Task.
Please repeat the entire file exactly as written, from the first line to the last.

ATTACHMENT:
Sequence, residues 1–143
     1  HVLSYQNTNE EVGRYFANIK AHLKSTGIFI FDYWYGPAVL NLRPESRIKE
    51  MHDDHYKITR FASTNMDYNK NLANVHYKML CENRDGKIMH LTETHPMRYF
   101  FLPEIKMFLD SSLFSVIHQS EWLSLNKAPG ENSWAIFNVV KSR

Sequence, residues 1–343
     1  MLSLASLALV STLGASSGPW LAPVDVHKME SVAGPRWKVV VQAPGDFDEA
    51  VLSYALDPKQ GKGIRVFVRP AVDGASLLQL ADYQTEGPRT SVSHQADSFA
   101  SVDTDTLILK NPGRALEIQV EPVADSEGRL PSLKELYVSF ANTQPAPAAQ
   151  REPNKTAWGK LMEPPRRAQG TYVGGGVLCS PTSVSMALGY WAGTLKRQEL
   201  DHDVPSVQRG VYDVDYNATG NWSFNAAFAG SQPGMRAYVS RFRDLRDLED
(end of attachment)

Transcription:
Sequence, residues 1–143
     1  HVLSYQNTNE EVGRYFANIK AHLKSTGIFI FDYWYGPAVL NLRPESRIKE
    51  MHDDHYKITR FASTNMDYNK NLANVHYKML CENRDGKIMH LTETHPMRYF
   101  FLPEIKMFLD SSLFSVIHQS EWLSLNKAPG ENSWAIFNVV KSR

Sequence, residues 1–343
     1  MLSLASLALV STLGASSGPW LAPVDVHKME SVAGPRWKVV VQAPGDFDEA
    51  VLSYALDPKQ GKGIRVFVRP AVDGASLLQL ADYQTEGPRT SVSHQADSFA
   101  SVDTDTLILK NPGRALEIQV EPVADSEGRL PSLKELYVSF ANTQPAPAAQ
   151  REPNKTAWGK LMEPPRRAQG TYVGGGVLCS PTSVSMALGY WAGTLKRQEL
   201  DHDVPSVQRG VYDVDYNATG NWSFNAAFAG SQPGMRAYVS RFRDLRDLED